Summary of tools available in the Synthesizer

1) Virtual world zooming. This allows the user to zoom in and move around climate regions as needed with simple mouse movements.

2) Polygon creation. The user can create polygons by either drawing with the mouse or by clipping them from digital line graph (DLG) data. Many DLGs are not polygons, but groups of points. Having completed polygons allows the user to clip regions using those polygons. The Synthesizer includes a DLG editor. Examples of DLGs that can be converted to polygons include the boundaries of river basins, agroclimatic regions and countries.

3) Polygon / point specific data extraction. This tool allows the user to retrieve selected data from a single cell or group of cells in a specific area (or polygon) from a grid or set of grids.

4) Conditional grid masking. This feature allows creation of a “mask” grid of areas meeting certain conditions. For example, the user can create a mask showing only those grid cells where the maximum air temperature is greater than 15° C and the total precipitation is greater than 1000 mm. These masks can then be used for clipping and summarizing data and in the grid equation editor.

5) Grid equation editor. This allows the user to create mathematical equations with grids as variables. Constants and functions are also available. A simple example would be (Tmax + Tmin) / 2 = Tmean. This would create a mean temperature grid from maximum and minimum temperature grids.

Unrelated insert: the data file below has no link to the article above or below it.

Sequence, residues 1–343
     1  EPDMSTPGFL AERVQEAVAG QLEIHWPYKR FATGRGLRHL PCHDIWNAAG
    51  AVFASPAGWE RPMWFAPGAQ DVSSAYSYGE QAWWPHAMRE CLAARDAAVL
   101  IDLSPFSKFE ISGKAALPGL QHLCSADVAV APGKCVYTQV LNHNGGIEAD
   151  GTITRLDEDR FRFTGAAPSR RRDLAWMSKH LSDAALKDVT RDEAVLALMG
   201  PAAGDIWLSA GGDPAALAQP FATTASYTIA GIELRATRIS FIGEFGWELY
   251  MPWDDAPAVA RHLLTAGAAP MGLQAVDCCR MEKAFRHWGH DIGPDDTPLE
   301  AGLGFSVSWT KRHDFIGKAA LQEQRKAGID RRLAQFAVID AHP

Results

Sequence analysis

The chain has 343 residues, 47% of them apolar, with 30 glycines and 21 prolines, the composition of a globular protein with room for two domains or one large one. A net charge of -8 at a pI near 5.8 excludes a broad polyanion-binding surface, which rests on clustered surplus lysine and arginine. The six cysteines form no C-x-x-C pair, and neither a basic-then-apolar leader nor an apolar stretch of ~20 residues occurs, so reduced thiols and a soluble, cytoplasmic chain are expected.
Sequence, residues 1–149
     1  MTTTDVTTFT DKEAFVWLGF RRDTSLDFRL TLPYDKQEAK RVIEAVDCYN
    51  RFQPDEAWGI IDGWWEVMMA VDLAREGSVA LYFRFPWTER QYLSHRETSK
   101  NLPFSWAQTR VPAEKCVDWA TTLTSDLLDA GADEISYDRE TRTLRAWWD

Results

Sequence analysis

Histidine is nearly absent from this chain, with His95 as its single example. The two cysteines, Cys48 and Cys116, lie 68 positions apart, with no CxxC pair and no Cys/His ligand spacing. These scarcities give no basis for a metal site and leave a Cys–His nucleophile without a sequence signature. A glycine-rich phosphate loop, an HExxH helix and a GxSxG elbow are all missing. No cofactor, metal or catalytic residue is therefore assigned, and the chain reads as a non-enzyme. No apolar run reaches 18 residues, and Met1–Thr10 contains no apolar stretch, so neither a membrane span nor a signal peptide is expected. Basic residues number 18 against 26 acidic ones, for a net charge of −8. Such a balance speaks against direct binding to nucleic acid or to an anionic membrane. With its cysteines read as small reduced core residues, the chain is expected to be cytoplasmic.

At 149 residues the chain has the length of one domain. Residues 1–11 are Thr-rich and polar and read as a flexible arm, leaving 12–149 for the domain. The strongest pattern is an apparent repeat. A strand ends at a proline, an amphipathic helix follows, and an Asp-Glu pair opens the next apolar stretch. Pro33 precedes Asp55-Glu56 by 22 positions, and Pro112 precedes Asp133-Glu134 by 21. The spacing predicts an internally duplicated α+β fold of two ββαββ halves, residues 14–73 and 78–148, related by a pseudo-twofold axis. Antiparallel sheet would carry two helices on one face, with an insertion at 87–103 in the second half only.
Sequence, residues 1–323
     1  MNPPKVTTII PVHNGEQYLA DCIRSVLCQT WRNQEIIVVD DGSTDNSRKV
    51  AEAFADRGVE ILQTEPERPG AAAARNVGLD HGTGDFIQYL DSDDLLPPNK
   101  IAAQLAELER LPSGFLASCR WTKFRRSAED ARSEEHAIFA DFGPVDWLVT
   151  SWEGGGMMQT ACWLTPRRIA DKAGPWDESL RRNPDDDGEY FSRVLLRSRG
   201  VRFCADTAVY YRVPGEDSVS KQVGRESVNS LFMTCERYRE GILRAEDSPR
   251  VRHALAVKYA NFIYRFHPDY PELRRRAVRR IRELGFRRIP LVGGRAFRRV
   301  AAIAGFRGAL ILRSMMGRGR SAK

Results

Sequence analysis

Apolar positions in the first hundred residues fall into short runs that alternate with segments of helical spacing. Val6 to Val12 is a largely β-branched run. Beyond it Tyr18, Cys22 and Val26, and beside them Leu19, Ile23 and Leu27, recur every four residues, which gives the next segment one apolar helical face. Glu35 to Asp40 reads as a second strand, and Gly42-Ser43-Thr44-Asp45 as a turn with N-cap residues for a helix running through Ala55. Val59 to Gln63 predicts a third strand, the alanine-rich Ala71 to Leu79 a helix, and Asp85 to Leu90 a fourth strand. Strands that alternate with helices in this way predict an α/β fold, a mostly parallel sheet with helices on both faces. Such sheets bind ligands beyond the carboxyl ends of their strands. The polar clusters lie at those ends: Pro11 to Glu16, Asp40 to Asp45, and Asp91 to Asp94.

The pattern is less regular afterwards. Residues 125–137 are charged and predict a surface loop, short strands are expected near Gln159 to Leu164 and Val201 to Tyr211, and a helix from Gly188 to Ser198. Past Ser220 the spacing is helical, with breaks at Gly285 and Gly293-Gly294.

6) Evapotranspiration estimation. Evapotranspiration represents the demand and consumption of water by evaporation and transpiration. The equation editor includes an Ra function (latitude and time dependant solar radiation at the top of the earth’s atmosphere) making it possible to compute evapotranspiration using the Hargreaves method or other methods depending upon the availability of required climate data.

7) Point data preparation. The user can manipulate time-series point data from climate stations and the like. For example, the user can calculate the average or total precipitation for a water year instead of a calendar year. The user could also calculate the extreme minimum temperatures for the period of record. This tool is extremely versatile and powerful.

8) Localized gridding. This is a set of gridding techniques (or links to external gridding packages such as Surferä) that allows the user to grid point data in a specific area.

9) CropWat link. This tool allows the user to select a group of grids and extract a specific point from those grids into a data file compatible with FAO’s CropWat program. The user can then use this file in CropWat for analysis. The same facility for other crop models will be added later.

10) Specification checking tool. This tool takes a set of x, y, and parameter value points and extracts the cells at the x and y locations from a grid. This allows the user to compare a set of points with a grid to see how well the grid matches the points and how closely it meets selected criteria.

11) Import / Export Arc ASCII grids. Arc ASCII is the standard for exchanging spatially distributed data on a fixed distance or latitude/longitude grid in which each grid cell has a unique value for the parameter being mapped.

12) Other tools. Other tools in the Synthesizer include DLG, label and point plotting and color adjustment tools.